Plan to help fund schools with liquor money fails
House lawmakers voted down a bill that would have earmarked a portion of Utah's liquor sales to pay for public education, citing concerns about relying on alcohol consumption to teach Utah children.
"Do you really want [to say] 'Not a drop. We don't want our kids to drink,' but now education funding depends on alcohol?" asked Rep. LaVar Christensen, R-Draper. "The day we start taking money wherever we can find it and run it through a blender and say the ends justify the means is a huge compromise of principle."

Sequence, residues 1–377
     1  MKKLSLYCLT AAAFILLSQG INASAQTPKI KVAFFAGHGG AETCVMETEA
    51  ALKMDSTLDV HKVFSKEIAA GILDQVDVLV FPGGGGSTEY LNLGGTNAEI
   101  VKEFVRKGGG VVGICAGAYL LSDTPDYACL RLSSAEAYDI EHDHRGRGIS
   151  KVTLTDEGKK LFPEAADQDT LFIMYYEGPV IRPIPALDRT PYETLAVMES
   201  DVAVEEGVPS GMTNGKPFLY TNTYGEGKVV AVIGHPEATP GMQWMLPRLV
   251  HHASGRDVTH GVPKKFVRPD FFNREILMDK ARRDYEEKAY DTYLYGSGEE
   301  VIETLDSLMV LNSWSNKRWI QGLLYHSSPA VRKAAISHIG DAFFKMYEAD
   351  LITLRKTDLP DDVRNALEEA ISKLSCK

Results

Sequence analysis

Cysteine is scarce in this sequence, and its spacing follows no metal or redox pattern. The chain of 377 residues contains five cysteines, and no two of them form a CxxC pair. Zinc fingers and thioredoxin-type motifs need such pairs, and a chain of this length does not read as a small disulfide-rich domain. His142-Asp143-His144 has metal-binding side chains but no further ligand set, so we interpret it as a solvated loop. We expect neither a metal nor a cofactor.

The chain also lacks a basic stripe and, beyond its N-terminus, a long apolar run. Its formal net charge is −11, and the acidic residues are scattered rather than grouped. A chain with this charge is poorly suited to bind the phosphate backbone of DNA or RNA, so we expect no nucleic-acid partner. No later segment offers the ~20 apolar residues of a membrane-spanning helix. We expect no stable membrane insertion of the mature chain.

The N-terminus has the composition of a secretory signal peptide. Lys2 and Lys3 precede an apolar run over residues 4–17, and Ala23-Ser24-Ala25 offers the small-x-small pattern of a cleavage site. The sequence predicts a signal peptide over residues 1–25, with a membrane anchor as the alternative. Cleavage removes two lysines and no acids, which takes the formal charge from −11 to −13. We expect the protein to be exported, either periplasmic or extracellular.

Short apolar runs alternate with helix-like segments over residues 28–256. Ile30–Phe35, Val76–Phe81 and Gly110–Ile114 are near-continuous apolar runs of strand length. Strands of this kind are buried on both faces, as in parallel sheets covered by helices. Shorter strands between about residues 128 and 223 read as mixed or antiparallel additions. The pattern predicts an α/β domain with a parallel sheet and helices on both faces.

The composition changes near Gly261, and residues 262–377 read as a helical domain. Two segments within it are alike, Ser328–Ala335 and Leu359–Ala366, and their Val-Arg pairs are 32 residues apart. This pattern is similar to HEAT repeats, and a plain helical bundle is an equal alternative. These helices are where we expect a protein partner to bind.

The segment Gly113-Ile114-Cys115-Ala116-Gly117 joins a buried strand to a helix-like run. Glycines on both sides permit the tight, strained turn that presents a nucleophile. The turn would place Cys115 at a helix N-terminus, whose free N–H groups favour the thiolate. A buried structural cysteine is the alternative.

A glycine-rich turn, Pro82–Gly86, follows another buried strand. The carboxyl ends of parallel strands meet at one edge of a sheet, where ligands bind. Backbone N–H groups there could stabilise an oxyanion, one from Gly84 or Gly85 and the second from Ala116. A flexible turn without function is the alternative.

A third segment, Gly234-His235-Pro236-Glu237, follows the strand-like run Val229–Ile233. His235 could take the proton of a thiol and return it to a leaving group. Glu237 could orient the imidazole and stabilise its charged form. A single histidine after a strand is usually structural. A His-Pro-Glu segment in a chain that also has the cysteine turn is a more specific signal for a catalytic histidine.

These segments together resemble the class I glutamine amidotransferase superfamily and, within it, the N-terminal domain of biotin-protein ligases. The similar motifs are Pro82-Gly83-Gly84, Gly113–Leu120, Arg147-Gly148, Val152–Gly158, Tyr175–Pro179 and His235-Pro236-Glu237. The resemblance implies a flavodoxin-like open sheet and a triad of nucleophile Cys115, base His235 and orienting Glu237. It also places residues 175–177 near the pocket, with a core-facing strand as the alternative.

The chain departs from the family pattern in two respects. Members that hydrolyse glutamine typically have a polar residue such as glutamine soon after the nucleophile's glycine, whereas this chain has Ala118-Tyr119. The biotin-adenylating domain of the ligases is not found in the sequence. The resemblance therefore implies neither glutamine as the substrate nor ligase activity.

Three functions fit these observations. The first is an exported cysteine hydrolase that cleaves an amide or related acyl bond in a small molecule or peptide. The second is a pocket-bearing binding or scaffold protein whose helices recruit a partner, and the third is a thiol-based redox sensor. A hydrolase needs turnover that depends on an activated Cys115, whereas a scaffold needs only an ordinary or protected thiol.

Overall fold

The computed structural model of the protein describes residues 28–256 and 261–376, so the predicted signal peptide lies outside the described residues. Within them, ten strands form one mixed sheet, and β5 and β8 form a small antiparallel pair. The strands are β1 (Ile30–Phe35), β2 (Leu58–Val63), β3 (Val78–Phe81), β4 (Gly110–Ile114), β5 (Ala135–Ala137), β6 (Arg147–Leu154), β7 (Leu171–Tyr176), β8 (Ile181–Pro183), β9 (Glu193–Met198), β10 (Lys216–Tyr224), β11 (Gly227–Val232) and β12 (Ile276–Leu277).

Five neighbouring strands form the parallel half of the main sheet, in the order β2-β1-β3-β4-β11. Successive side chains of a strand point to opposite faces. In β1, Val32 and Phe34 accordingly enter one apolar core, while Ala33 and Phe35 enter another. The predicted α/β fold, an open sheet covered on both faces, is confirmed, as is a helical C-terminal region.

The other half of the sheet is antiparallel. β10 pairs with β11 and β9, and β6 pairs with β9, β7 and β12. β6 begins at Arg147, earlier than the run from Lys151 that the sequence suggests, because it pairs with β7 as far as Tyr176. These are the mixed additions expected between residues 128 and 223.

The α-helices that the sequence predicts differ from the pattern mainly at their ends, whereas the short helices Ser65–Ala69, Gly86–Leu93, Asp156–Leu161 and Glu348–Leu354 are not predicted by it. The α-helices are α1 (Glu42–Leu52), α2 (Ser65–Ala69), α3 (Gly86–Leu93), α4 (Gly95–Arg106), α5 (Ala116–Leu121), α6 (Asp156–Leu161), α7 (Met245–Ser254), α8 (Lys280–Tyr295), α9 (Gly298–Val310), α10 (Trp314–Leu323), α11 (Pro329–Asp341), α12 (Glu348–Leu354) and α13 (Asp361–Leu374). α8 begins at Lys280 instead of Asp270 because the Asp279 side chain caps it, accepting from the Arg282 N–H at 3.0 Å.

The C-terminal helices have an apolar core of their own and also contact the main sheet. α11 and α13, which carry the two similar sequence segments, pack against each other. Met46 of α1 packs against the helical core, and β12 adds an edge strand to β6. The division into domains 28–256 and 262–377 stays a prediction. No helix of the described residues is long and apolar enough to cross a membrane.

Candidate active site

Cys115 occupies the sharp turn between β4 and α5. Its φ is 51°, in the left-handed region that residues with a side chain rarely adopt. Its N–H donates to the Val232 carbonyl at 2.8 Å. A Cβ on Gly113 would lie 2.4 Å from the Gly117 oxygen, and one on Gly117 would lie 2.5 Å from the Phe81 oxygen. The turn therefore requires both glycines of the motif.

HB271, sponsored by Rep. Jim Bird, R-West Jordan, would have earmarked a quarter of the growth in liquor sales to public education an estimated $7.5 million in 2014 and $14.5 million the following year.
Bird acknowledged it was an unconventional way to fund education, but said the schools need the money.
Rep. Carol Spackman Moss, D-Holladay, said it was a "shame" the state was looking at liquor revenues for schools. "It just bothers me."
"It's just, to me, a way of getting out of funding [schools] properly," she said.
Rep. Brian King, D-Salt Lake City, was more blunt.
"Is this a relatively crappy funding measure for public education? Absolutely. I don't like it," he said. "It's inferior to what we should be doing. But we're not doing what we should be doing."
Bird's bill failed, 33-39. He could still try to revive it this session if he can recruit enough supporters.
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